“I’m Christian and this is incredibly annoying,” said one Twitter user who agreed with Omar about the video. Another user, who identified himself as a Christian minister, responded, “Had I been on the plane, I would have been offended. The incident was inappropriate proselytizing before a captive audience. Had a group of Muslims [done] this, they might well have been put on a no-fly list.”
Not everyone took this view, however. “I’m not a Christian and this wouldn’t bother me,” said another user. “I would find it nice that these kids are joyful and singing together.”
The Church of Satan commented on a different tweet of the video, saying, “This is terrorism.”
Jack Jensz Jr. Responds to Uproar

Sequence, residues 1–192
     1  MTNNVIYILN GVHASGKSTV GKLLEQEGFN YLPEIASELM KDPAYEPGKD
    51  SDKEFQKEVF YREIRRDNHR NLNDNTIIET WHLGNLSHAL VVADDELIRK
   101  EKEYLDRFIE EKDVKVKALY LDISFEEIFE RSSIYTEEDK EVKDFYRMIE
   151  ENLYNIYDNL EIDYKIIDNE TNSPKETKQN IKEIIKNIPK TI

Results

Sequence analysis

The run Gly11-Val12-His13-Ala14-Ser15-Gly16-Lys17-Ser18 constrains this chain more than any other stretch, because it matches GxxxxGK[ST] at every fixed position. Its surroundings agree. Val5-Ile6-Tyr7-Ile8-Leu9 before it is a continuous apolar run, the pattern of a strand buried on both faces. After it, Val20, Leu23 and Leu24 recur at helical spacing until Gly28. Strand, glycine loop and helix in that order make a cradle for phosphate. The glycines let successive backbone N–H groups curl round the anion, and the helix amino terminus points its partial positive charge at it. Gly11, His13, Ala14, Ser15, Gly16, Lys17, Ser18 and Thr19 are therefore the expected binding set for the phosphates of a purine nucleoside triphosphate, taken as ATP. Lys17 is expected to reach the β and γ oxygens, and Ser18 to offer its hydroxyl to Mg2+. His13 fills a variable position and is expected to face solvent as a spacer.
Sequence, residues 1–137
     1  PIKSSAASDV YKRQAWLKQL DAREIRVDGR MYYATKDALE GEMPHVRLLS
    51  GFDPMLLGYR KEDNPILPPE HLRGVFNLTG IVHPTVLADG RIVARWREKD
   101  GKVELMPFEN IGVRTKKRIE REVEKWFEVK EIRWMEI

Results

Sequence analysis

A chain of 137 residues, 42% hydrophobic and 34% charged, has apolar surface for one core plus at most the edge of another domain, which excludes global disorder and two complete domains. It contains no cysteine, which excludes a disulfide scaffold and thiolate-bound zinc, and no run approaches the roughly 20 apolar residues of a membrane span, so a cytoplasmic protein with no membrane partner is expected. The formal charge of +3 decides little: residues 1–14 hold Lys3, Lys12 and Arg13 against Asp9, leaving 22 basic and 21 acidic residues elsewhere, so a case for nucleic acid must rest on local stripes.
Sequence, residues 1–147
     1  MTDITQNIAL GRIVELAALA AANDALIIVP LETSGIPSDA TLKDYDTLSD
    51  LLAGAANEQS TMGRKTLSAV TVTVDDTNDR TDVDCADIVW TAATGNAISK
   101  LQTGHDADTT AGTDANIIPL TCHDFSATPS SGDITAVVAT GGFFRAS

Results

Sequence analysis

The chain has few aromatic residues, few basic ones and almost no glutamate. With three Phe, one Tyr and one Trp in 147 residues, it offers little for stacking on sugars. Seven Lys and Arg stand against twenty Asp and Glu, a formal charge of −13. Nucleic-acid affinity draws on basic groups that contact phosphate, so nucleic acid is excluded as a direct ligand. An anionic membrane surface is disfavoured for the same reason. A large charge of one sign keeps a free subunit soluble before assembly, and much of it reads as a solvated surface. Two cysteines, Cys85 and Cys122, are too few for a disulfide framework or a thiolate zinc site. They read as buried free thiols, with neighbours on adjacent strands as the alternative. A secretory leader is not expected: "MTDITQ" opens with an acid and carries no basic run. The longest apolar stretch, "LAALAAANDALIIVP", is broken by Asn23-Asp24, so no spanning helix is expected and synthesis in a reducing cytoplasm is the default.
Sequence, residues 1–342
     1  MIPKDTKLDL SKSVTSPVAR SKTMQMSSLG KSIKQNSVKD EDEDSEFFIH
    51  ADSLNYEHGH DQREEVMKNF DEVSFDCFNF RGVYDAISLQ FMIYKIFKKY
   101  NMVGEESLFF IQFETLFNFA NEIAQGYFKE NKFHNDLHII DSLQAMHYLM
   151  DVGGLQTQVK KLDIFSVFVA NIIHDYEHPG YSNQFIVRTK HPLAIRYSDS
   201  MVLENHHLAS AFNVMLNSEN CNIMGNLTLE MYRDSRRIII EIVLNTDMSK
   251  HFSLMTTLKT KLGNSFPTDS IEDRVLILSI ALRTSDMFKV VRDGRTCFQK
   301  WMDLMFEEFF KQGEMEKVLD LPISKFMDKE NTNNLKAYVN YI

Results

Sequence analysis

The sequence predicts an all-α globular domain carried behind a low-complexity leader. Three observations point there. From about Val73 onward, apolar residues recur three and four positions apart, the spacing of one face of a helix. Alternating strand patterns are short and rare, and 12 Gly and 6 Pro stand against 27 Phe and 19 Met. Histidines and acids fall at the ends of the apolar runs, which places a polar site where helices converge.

In an April 17 video responding to the outrage, Jensz said that he and his team have been in Ukraine since the second day of the war, providing medical supplies, food, and humanitarian aid, as well as praying with refugees. He went on to give context for how the in-flight worship occurred.
“On this flight, we had our team, and our team, we went up to the airhost and shared with them what we’ve been doing in Ukraine,” said Jensz, “and we asked them if it’s ok if we could sing a song on the plane. The airhost asked the pilot, they both agreed, and the airhost then got on the intercom and said to the passengers that we have some people that would like to sing a song. Everyone clapped.”
Jensz said that during the singing, people were smiling and some were so moved they were crying. “It was a great joyful moment,” he said, concluding, “I just wanted to clear that up—that’s what happened. May God bless you and remember, Jesus loves you so much.”
ChurchLeaders has reached out to Jack Jensz Jr. and will update this article in the event of a reply.